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Constructing a career: Archer hosts architecture and design panel, speakers share advice, experiences

Photo credit: Charlotte Burnap
Panelist Stephanie Hobbs, a design principal at Marmol Radziner, speaks about her career in architecture to the Classes of 2024 and 2025. Hobbs was joined by four other speakers who also work at Marmol Radziner: Lia Gardley, Amy Smith and Ashley Nath, who discussed their careers in Archer’s library during third period Monday, April 29.

From blueprint to reality, the work of an architect never seems to stop. Juniors and seniors gathered in the library to hear from four female panelists about this process and their careers at architecture firm Marmol Radziner Monday, April 29. Seniors Gemma Larbalestier and Bella Teitelbaum moderated the event, which took place during third period FLX Block.

The panelists were project managers Lia Gardley, who focuses on construction; Amy Smith, who works in landscaping; Ashley Nath, who focuses on interior design; and design principal Stephanie Hobbs. The group works together at Marmol Radziner, tackling different aspects of architecture and construction, from planning a project’s layout to bringing it to life.

Associate Head of School Karen Pavliscak said Leo Marmol, managing partner of Marmol Radziner, reached out to Archer for a “Careers in Design and Construction” panel. She said numerous Archer students have expressed interest in architecture, so they eagerly accepted. Gardley said she loved answering questions about their backgrounds because she got to share her story and was able to learn more about her coworkers.

“I think it’s interesting to hear everyone’s origin story and to see how we’re all in the same spot right now … and how we got here,” Gardley said. “Even though everyone’s path is different, we made it to the same company.”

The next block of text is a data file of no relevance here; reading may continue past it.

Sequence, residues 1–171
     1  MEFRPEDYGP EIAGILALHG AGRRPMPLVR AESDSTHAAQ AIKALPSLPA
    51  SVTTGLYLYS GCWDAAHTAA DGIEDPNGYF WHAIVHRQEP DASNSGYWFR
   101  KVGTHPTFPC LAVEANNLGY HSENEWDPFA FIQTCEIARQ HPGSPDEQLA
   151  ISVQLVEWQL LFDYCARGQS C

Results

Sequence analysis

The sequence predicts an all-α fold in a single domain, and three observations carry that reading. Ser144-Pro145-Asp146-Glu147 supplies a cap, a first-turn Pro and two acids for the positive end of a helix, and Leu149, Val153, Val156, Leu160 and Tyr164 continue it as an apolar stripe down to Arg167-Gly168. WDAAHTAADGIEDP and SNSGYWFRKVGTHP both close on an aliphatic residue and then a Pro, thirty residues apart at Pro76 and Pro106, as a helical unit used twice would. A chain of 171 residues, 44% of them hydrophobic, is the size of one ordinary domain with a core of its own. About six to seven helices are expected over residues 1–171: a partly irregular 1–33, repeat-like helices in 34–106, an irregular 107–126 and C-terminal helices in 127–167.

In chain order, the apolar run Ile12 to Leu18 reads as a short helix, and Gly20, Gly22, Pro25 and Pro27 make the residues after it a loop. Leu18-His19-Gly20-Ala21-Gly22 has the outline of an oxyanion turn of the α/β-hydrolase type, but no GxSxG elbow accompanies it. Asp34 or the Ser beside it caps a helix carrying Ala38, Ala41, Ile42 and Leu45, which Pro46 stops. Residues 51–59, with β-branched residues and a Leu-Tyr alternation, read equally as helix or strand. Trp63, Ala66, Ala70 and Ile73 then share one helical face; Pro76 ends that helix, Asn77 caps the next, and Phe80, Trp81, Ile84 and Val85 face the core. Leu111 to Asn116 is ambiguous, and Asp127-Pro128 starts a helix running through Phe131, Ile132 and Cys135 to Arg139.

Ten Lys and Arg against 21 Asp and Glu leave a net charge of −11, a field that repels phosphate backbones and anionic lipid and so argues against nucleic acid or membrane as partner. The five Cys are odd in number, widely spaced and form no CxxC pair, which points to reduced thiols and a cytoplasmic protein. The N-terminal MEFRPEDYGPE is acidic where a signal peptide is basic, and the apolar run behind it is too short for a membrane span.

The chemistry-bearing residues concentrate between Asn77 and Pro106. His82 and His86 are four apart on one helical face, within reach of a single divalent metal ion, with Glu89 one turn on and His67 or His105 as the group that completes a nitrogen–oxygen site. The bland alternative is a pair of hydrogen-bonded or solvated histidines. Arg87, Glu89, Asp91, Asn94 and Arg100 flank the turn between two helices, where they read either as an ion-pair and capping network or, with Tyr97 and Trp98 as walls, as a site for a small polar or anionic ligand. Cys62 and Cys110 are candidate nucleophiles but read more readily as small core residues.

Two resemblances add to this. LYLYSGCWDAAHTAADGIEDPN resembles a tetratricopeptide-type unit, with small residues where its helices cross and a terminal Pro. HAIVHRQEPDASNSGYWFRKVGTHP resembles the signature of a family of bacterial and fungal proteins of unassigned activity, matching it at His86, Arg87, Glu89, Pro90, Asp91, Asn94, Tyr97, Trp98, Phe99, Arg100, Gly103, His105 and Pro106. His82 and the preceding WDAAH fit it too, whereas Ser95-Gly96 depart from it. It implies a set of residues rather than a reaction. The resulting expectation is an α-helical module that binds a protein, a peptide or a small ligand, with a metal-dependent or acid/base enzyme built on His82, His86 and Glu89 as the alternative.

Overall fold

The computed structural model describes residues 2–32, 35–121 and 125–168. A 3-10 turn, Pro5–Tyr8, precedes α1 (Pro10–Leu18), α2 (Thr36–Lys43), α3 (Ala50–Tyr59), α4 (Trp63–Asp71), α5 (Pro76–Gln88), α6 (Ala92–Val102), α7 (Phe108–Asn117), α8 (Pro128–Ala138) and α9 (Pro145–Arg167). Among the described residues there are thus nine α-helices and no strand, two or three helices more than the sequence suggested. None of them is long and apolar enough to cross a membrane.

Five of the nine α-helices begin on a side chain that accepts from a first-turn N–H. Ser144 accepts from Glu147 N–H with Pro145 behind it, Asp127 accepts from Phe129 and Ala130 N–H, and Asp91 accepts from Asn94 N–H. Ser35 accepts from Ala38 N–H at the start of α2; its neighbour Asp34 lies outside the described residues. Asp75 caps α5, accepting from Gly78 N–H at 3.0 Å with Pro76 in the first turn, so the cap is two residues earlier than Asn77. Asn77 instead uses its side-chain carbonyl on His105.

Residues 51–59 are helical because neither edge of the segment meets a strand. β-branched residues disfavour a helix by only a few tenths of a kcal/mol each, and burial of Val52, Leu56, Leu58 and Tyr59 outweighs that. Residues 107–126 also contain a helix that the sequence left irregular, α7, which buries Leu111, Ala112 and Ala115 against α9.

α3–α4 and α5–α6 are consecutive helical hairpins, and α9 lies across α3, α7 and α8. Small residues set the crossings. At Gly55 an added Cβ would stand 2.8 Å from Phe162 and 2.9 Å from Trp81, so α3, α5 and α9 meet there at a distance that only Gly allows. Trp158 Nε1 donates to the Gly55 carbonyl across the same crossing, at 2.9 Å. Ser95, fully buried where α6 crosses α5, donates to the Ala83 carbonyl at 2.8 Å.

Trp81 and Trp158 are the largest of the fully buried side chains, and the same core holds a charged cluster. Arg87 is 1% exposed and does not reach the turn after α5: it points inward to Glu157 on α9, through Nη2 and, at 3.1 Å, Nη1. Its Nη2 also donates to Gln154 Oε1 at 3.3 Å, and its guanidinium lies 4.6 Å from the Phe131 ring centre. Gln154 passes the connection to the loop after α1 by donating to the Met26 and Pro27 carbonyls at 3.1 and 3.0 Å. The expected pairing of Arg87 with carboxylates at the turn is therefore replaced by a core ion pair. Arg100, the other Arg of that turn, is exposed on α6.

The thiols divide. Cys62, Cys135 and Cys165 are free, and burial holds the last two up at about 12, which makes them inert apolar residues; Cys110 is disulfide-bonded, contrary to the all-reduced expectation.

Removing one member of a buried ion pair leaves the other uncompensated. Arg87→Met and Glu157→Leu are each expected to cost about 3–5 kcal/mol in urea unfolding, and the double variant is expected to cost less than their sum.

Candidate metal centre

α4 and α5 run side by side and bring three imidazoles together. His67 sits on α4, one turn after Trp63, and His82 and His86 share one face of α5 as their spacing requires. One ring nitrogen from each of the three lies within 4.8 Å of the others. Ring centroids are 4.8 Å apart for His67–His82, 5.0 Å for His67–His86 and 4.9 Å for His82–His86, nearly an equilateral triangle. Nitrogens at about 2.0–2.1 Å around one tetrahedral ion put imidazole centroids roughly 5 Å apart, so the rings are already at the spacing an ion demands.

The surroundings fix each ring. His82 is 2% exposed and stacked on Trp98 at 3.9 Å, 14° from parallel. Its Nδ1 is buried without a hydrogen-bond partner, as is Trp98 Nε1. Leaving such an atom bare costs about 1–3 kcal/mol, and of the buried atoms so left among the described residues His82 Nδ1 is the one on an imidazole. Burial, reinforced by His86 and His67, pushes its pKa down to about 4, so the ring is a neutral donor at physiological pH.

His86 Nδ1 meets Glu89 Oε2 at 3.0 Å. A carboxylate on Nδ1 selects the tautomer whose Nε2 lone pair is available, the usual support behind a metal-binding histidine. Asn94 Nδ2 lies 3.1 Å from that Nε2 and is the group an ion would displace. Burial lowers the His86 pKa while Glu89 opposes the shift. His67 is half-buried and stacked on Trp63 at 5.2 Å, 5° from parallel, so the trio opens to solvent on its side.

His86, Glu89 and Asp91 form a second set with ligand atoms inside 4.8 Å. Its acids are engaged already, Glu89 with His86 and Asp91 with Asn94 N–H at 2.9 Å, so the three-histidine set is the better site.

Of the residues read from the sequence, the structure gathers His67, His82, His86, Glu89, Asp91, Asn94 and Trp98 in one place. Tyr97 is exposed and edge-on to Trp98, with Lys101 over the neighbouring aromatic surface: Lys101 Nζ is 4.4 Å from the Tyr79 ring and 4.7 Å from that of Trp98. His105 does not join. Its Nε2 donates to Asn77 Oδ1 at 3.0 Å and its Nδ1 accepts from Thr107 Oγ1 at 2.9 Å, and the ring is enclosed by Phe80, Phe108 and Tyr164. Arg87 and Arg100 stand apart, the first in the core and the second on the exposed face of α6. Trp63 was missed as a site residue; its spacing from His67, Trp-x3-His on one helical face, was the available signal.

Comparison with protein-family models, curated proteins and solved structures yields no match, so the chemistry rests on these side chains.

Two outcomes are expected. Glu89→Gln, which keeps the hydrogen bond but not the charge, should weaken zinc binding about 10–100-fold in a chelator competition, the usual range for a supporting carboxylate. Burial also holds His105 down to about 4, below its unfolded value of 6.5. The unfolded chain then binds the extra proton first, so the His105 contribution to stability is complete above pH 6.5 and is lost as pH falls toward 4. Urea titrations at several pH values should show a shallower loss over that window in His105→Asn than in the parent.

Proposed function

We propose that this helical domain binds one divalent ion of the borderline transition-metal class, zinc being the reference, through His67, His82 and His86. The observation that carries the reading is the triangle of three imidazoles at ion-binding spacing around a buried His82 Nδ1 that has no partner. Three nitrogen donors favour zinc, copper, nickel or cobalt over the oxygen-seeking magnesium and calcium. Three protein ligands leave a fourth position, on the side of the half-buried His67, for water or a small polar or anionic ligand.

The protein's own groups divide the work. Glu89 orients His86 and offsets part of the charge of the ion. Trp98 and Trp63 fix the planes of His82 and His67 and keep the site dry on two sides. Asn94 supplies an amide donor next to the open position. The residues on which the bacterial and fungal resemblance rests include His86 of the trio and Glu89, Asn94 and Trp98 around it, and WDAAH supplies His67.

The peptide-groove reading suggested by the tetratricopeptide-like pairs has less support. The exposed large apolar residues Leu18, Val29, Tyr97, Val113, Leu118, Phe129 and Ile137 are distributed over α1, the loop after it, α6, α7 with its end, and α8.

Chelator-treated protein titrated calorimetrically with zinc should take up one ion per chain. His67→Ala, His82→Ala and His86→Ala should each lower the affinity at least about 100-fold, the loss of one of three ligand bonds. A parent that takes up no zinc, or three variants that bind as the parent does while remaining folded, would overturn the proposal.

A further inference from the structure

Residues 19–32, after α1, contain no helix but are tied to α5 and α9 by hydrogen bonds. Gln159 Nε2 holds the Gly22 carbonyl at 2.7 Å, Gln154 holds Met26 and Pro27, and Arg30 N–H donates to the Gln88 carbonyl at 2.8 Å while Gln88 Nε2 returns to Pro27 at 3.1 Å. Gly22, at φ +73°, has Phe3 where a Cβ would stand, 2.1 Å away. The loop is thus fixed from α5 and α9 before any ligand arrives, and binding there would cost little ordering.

The panel exposed the audience to potential career opportunities and studies as students either prepare for college or begin the application process. Pavliscak said the panel, like others hosted by Archer, seeks to provide students access to female leaders in different fields of study. Junior Presley Forster said she enjoyed how the panelists explained the numerous passions and skills involved in architecture, and there are many aspects that a job in this field could cover.

“Within architecture, there’s math, there’s science, there’s interior design — all different parts,” Forster said. “So even if I am not totally passionate about architecture, I liked how there were aspects of other professions and other passions within it that I could probably get involved with.”

Following the panel, Hobbs said she wanted students to gain a deeper understanding of her career and its highs and lows. She said she wanted students to be able to see the profession’s “realness” as opposed to just the beauty of their final work.

Julianna Hatton (‘25) said hearing the panelists discuss not always knowing what they wanted their career to be was helpful and comforting, especially as students often feel pressured to decide on a career path as soon as possible.

“I enjoyed how none of them really knew what they wanted to do when they went to college. Nowadays, there’s such a stress that you have to know what you want to do since you’re 5 years old, and they’re all such confident, successful women who have found their passion, not necessarily through a straight path,” Hatton said. “It’s very inspiring to all Archer girls.”

After sharing her journey, Smith said she hoped it would encourage students to find the path that is right for them, whether it was in architecture or another career entirely.

“[I hope students will] not be afraid to explore and make mistakes,” Smith said. “Find what really makes sense for you.”

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About the Contributor
Charlotte Burnap
Charlotte Burnap, Staff Reporter
Charlotte Burnap became a staff reporter in 2023. At Archer, she sings in choir and the Unaccompanied Minors, Archer's a cappella group. In her free time, you can find her listening to music, reading, or hanging out with her friends.

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